Readers, I had been planning another trip to Pensacola to get information on Emmett’s career as an attorney, District Attorney, and State Attorney during 1906-09. However, that second trip may be delayed.
I found this today:
I’ve kvetched about hitting roadblocks before, but this barrier is a significant one. Emmett’s cases are in there; probably courtroom oratory, too, something I’m desperate to get my hands on (since I still haven’t found his scrapbooks!).
Emmett’s information is sitting behind those closed doors, hopefully not in a damp, decrepit room, exposed to the elements, or mildewing away.
A colleague of mine at the Pensacola Historical Society tells me that quite a bit of the courthouse archive data is on microfilm. If that’s so, then perhaps the court records for these years were filmed, and the film moved. I’m waiting to hear back.
Speaking of mildew and records, a friend of mine in Chipley (Emmett’s boyhood home) had told me about the courthouse-and-mildew situation there. I needed to see the records in Chipley, too, wouldn’t you know.
Here’s a video featuring Circuit Court Judge Chris Patterson explaining what was going on. The problem wasn’t just with the building: The mold was in the historic documents and records, and local authorities were told that the mold was hazardous to health, so, both building AND records were off limits.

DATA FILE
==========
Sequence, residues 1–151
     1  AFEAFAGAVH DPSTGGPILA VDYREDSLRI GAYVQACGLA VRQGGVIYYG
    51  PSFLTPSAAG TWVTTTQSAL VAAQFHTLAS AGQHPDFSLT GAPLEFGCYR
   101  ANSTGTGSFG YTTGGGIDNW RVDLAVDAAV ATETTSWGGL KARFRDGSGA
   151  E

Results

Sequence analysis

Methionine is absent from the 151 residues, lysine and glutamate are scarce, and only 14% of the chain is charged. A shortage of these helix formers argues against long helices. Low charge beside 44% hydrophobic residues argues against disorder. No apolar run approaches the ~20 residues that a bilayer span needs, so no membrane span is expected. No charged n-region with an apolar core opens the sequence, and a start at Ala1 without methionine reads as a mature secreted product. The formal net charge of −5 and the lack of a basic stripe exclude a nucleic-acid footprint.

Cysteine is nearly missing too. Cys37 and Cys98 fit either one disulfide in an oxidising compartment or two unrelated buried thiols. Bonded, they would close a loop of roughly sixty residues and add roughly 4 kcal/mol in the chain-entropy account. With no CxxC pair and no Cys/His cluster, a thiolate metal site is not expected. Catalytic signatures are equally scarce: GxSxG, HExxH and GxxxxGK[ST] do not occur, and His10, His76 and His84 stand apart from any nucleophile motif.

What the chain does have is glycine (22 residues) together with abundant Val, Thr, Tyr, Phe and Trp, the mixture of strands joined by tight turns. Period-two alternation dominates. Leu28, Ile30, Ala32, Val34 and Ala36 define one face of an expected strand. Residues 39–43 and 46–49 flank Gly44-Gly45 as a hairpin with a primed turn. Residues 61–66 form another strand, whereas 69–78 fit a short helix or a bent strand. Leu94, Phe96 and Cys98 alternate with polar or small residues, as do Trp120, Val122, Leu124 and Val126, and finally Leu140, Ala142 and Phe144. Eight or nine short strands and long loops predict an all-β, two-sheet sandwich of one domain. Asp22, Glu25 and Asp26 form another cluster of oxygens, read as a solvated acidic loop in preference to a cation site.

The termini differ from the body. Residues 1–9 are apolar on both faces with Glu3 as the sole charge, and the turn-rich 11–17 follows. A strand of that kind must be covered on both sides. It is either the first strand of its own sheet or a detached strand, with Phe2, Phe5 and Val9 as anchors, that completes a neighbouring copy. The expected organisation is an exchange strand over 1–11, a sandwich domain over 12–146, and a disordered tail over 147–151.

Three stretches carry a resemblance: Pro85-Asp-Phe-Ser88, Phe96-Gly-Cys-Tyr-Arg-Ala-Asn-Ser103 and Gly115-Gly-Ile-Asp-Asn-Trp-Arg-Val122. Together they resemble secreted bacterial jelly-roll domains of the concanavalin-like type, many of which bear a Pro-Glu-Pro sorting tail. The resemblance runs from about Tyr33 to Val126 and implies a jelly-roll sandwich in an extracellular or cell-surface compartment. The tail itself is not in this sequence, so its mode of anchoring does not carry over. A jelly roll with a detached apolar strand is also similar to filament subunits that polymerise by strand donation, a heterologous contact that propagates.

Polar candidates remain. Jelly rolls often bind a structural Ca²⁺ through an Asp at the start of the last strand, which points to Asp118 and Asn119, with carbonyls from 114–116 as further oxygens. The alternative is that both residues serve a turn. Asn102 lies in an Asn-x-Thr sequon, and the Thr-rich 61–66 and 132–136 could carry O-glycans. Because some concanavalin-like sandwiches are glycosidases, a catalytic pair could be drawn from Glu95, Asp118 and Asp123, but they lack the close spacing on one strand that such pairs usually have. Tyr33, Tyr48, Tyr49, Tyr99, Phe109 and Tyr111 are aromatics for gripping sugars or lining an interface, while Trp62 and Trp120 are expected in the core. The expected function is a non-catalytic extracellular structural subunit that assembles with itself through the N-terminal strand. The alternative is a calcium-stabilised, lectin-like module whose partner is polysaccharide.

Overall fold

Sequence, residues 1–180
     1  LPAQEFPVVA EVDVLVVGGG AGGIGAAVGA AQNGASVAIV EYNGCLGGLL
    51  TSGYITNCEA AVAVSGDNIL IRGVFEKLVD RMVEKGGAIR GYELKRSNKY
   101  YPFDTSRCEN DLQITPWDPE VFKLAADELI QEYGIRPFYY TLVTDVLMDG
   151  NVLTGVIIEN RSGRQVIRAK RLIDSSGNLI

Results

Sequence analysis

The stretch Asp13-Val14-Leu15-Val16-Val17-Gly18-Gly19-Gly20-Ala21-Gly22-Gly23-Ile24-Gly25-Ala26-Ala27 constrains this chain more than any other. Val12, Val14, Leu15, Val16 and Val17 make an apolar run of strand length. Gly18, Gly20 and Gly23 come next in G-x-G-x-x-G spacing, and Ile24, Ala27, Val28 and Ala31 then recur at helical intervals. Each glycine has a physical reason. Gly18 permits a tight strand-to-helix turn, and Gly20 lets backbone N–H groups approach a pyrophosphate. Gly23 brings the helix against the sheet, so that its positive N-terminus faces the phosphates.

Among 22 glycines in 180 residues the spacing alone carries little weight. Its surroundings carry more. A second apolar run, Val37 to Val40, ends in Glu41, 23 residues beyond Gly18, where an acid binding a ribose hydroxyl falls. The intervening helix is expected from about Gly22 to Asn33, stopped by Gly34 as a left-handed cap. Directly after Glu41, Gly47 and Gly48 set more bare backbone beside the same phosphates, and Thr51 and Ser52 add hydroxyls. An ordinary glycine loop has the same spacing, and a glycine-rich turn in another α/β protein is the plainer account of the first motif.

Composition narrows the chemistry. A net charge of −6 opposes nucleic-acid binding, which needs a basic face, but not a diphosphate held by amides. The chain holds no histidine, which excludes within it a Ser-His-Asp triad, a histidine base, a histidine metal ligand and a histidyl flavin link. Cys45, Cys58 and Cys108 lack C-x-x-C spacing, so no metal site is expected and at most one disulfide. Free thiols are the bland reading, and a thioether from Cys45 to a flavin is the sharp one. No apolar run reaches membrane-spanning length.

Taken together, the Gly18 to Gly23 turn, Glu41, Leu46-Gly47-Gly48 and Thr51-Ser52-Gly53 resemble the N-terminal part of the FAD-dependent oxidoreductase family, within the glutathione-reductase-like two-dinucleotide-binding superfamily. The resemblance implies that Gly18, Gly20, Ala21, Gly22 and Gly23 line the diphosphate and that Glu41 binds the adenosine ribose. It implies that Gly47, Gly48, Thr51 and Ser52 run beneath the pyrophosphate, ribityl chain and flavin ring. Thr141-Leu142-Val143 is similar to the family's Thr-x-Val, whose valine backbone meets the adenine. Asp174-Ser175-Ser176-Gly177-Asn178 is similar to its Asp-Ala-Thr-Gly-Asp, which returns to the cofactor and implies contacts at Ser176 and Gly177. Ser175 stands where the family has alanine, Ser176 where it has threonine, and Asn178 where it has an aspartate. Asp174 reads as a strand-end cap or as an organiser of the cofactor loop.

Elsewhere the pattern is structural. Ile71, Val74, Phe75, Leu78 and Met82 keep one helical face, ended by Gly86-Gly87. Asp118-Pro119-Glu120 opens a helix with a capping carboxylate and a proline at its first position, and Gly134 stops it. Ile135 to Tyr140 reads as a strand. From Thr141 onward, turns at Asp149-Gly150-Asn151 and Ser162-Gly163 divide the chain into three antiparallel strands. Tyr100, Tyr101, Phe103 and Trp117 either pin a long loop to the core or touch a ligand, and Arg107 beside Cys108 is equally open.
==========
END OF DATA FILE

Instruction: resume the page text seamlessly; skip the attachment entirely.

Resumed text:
Talk about a perfect storm (pardon the pun). The hurricane-force storm that hit Pensacola two weeks before I came down to do research in May; the mold situation in the Washington County was going on at the same time. Both sources were out of my reach. Alas. Alack. Damn. Sturm und mold. (With apologies to F.M.Von Klinger.)
There is good news: Colleagues with the Washington County Historic Society report that earlier in the summer, the records were removed from the courthouse, and cleaned by a team that handles restoration and preservation of historic documents.
The records have been cleaned up now, they are available and accessible to the public at the County Annex on South Boulevard in Chipley.
Frankly, I’m a little nervous about the Escambia Court archives — I know what mold can do to historic documents. So much about Emmett, personally, has been hard to find. I am grateful for what I have, and I appreciate it so much when I (or a colleague) finds even the smallest detail.
Historic documents are precious. Let’s hope the folks in the Escambia Court archives have good luck getting their facility in good order again, and that their records are safe.
The University of Maryland Global Campus